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Glossary
Discrete logistic recurrence
The logistic map is a polynomial mapping (equivalently, recurrence relation) of degree 2) that is describd by the recurrence:
t1 = Table[{r, Nest[f[r], .5, n]}, {r, 2.8, 4.1, 1.2/249}, {n, 101, 300}];
toshow = Flatten[t1, 1];
ListPlot[toshow, PlotRange > {{3.7, 4}, {0; 1}}, PlotStyle > PointSize[0.004]]
Output of discrete logistic recurrence  Mandelbrot set 
Discrete logistic recurrence:
ListPlot[Table[
Thread[{r, Nest[r # (1  #) &, Range[0, 1, 0.01], 1000]}], {r, 0, 4,
0.01}]]


Solutions of discrete logistic recurrence.  Mathematica code 
Example: Using real data and simply perform the least squares best fit of a quadratic function (without the constant term) through this data, we obtain the logistic grow model:
Hénon map
The map was introduced by Michel Hénon (19312013) as a simplified model of the Poincaré section of the Lorenz model. For the classical map, an initial point of the plane will either approach a set of points known as the Hénon strange attractor, or diverge to infinity. The Hénon attractor is a fractal, smooth in one direction and a Cantor set in another. As an example, consider the Standard Map:
Here b is the stochasticty parameter. For b = 0, the system corresponds for example to the ideal pendulum, exhibiting a completly regular motion. For b > 0, the pendulum is disturbed by a periodic driving force. This has the dramatic effect of producing stochastic orbits for certain initial conditions (i.e. points in phase space). The standard treatment of physics is to deal with the perturbation by expanding the driving force using a Taylor series and to keep only the linear part, with the understanding that higher order contributions are sufficiently small to be neglected. However, this treatment completely misses the qualitative aspects of the driven pendulum. With increasing b increasingly large fractions of phase space become chaotic. Chaotic orbits extend over a twodimensional area in the above mapping plane. In addition, there are periodic orbits, indicated by a finite number of points on the mapping plane, and quasiperiodic orbits, which produce one or more closed lines (loops) in the mapping plane. Note that for conservative mappings, regular and chaotic phase space regions are arranged on many scales in a selfsimilar fashion, giving a strong indication that this structure is fractal.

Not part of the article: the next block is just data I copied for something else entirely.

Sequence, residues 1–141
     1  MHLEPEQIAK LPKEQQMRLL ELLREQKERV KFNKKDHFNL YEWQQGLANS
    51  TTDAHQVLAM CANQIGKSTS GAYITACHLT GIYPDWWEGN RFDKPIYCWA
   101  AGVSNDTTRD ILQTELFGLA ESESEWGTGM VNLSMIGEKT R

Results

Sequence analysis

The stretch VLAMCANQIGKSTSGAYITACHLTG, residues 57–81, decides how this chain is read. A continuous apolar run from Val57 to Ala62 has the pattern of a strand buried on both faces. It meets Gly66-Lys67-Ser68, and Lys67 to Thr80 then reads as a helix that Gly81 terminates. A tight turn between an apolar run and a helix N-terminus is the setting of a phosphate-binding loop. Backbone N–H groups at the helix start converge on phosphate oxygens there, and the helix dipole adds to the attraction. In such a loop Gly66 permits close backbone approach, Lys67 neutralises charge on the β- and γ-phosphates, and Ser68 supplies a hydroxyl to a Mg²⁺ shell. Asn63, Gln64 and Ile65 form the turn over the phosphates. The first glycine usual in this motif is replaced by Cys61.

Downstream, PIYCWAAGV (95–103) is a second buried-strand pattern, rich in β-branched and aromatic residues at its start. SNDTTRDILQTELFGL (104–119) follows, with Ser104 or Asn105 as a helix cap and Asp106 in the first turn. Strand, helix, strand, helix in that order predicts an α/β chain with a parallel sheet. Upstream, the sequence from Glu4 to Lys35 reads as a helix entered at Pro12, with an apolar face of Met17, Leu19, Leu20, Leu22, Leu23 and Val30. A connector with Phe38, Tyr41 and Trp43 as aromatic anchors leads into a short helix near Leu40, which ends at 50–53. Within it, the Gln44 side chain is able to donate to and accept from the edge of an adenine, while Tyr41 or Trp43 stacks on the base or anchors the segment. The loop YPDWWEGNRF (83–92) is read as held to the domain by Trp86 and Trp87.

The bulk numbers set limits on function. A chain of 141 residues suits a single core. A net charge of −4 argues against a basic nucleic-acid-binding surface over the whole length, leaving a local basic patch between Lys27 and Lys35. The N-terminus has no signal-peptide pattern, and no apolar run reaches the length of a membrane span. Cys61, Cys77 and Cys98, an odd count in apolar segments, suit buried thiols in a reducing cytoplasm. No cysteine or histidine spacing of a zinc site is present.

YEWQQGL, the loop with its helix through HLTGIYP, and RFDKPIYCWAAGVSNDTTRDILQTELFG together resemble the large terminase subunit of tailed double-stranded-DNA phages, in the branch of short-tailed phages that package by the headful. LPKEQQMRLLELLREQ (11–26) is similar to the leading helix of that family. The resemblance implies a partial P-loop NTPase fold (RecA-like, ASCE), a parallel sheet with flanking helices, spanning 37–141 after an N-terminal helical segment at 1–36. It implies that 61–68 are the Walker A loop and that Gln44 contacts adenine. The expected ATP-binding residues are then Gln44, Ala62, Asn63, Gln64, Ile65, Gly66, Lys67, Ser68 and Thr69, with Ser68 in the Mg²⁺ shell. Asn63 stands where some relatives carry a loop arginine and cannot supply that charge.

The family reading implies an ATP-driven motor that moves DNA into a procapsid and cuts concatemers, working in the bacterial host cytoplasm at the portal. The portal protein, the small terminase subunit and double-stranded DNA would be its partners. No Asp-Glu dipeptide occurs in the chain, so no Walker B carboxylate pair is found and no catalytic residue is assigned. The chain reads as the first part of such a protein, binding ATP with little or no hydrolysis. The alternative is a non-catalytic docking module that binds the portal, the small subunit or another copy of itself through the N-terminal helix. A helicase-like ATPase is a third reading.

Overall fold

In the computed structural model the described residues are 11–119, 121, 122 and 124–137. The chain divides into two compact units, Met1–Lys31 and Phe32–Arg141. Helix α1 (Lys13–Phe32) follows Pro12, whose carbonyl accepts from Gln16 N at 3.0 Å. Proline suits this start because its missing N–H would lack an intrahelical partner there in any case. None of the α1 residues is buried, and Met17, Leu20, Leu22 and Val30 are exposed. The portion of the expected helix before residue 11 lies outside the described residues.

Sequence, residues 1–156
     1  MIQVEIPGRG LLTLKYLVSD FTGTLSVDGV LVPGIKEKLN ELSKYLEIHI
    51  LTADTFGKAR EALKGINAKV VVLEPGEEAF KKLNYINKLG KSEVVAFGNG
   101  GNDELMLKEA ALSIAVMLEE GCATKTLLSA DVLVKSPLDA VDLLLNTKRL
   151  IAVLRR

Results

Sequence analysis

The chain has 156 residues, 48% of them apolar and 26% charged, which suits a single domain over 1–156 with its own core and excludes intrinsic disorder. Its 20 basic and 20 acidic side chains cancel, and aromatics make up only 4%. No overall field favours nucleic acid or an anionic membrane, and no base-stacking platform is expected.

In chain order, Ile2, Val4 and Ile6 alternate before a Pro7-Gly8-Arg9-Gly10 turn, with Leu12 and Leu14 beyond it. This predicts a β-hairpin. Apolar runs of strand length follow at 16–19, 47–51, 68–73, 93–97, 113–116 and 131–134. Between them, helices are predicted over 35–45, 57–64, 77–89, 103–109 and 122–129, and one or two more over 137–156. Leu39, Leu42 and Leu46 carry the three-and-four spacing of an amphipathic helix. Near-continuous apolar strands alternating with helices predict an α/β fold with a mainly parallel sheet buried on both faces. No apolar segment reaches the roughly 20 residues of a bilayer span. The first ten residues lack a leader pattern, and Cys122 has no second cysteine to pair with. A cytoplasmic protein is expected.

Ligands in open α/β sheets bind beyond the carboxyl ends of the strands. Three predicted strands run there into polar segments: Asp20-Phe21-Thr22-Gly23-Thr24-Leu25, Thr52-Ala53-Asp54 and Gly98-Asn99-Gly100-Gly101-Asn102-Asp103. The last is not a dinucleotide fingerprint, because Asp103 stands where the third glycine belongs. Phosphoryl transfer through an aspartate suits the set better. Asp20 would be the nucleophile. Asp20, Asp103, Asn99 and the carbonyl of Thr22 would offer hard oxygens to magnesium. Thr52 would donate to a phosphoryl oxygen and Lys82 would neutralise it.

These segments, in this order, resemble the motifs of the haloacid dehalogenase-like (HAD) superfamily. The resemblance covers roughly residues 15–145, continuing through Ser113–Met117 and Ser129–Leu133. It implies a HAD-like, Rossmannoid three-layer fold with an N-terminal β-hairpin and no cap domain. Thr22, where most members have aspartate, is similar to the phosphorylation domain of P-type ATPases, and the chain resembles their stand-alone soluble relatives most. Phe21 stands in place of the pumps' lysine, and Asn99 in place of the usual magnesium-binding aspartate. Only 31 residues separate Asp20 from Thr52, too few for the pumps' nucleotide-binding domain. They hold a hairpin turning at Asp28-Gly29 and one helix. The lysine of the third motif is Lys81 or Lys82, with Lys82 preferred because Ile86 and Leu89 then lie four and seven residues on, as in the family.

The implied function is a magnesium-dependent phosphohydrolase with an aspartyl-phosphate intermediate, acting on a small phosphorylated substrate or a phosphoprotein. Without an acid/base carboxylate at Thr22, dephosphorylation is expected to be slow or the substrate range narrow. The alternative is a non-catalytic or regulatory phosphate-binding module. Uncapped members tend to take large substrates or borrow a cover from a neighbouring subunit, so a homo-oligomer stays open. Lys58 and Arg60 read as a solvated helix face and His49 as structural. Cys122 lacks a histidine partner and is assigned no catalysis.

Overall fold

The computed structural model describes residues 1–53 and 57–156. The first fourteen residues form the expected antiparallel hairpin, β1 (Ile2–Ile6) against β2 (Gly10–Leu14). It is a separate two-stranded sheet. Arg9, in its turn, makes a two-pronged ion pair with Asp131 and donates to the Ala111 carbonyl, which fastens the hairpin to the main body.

Chirikov, B. V. "A Universal Instability of ManyDimensional Oscillator Systems." Phys. Rep. 52, 264379, 1979.
 Cvitanović, P., Gunaratne, G., Procaccia, I., (1988). "Topological and metric properties of Hénontype strange attractors". Physical Review A. 38 (3): 1503–1520. doi:10.1103/PhysRevA.38.1503.
 M. Hénon (1976). "A twodimensional mapping with a strange attractor". Communications in Mathematical Physics. 50 (1): 69–77. doi:10.1007/BF01608556.
 Michel Hénon and Yves Pomeau (1976). "Two strange attractors with a simple structure,". Turbulence and Navier Stokes Equations. Springer: 29–68
 Luhn, A. Another interactive iteration of the Hénon Map.
 MacKay, R. S. and Percival, I. C. "Converse KAM: Theory and Practice." Comm. Math. Phys. 98, 469512, 1985.
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